Junior Seau did have CTE, as he must have suspected when he shot himself in the heart, leaving his brain behind to answer for his loved ones that inviolate “why?”
Football is, for me, like wrestling. Something I used to love that I’ve had to turn away from. It used to be that the questions were “Is it real?” “Are they cheating?” “Is he on steroids?”
And now the question is “Am I watching a man kill himself, maybe without even realizing it, for my amusement?”
More and more, I cannot deny that the answer to that question is “yes.”
It’s not just that. Honestly. If you’re an adult and you want to do something dangerous that might kill you, that’s your business. Sky-dive away. Climb that mountain. Whatever.
No, what really bugs me about it is that CTE robs people of their lives, of their families, of the people they recognize themselves to be.
I don’t mind–though perhaps I should–if you want to risk your life. But I cannot forget how much I enjoyed watching Chris Benoit risk his wife’s and son’s lives. Even though no one knew that was what was at risk when he launched himself from the top rope like a fireplug in a minor victory over gravity. I read he became very religious toward the end of his life and his whole family was so relieved, because they knew he’d been through some dark times recently, and maybe this was a sign he was finding his way out from it.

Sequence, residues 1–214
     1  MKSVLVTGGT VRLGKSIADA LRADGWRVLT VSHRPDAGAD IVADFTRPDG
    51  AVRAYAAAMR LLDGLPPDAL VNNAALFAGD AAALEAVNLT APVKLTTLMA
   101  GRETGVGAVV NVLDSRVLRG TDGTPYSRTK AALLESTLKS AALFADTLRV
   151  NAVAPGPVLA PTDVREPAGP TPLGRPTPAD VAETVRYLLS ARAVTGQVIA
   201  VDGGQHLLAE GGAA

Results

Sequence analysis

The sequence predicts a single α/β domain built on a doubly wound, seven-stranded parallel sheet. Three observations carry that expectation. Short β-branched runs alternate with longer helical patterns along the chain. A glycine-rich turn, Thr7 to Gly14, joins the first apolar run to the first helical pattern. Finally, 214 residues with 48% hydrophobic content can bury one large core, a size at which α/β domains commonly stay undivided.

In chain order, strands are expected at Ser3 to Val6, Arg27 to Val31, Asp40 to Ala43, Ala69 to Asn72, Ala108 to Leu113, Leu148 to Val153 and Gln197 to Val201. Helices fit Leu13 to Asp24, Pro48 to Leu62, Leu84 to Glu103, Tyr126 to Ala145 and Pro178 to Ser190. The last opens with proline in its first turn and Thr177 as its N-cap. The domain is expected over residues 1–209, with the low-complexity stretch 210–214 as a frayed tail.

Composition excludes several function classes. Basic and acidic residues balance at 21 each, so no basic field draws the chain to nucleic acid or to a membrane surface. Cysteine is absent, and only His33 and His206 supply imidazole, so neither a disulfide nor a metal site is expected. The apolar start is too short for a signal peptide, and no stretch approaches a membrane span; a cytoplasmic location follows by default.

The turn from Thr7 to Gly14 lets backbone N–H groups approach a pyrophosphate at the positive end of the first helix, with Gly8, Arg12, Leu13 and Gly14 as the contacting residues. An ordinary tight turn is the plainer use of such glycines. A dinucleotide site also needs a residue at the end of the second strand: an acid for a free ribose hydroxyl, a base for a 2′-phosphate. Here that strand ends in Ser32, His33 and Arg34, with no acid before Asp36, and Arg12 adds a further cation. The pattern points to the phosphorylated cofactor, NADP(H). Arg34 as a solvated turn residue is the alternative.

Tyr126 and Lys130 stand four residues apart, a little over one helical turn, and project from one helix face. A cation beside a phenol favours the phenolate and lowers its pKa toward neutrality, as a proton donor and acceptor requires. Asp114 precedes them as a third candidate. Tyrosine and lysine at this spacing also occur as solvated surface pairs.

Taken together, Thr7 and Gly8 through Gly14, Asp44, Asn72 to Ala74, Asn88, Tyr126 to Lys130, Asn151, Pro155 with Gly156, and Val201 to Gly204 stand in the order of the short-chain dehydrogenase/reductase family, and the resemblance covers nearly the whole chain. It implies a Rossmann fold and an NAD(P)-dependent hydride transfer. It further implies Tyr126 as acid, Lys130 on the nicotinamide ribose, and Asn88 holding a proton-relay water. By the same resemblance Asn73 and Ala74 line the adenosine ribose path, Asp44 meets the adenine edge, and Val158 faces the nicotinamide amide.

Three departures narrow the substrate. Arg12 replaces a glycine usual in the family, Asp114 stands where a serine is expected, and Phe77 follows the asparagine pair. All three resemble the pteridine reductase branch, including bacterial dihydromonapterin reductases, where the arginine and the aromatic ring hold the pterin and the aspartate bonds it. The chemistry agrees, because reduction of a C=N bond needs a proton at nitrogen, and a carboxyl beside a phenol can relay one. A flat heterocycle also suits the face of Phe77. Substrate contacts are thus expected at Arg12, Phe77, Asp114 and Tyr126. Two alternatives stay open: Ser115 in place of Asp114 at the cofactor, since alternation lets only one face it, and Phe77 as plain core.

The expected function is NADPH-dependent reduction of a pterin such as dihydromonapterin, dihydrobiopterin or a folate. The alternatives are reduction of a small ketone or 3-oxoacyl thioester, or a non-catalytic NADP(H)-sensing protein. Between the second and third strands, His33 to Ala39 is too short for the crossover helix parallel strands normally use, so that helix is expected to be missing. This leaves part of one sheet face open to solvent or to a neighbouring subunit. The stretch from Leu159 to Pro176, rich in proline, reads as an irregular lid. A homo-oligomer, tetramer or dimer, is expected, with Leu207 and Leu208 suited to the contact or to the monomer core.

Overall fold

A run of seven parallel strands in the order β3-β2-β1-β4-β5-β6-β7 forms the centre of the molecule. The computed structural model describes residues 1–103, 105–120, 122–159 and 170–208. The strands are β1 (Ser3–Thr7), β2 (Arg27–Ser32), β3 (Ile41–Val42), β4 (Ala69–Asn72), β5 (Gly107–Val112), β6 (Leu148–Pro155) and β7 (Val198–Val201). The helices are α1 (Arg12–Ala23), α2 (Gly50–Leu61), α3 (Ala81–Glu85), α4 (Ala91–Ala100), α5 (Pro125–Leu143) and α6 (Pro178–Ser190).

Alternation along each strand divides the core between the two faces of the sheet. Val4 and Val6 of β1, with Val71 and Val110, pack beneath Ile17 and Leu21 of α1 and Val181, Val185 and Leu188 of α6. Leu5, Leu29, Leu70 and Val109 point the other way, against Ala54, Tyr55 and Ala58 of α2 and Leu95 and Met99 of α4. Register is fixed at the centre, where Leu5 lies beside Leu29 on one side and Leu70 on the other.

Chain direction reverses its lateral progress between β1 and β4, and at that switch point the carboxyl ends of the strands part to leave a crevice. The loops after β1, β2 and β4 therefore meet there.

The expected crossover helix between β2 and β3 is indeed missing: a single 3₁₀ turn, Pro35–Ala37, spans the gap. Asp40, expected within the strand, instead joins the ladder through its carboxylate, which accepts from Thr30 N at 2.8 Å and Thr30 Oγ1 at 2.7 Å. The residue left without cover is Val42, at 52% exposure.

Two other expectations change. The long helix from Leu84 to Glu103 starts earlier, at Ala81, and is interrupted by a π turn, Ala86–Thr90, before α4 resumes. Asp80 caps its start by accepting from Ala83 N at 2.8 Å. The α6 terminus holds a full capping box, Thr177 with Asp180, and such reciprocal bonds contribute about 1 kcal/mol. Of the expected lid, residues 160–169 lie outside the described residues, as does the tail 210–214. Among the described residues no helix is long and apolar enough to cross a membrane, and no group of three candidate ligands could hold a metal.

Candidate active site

Except that apparently newfound religiosity is a symptom of CTE damage. His family just didn’t know how to recognize it for what it was–a danger sign. What they should have been able to read as a good sign was the opposite.
It even robs you of your religion.
And I should find that entertaining?
On weekends, I regularly drive by a field full of kids playing football. They’re so small and their helmets so big that they look like mushrooms out there. To which one of them would you say “I hope you kill your own child.”? “I hope you become a stranger to your own spouse.”? “I hope you shoot yourself in the heart so that science can have your head.”?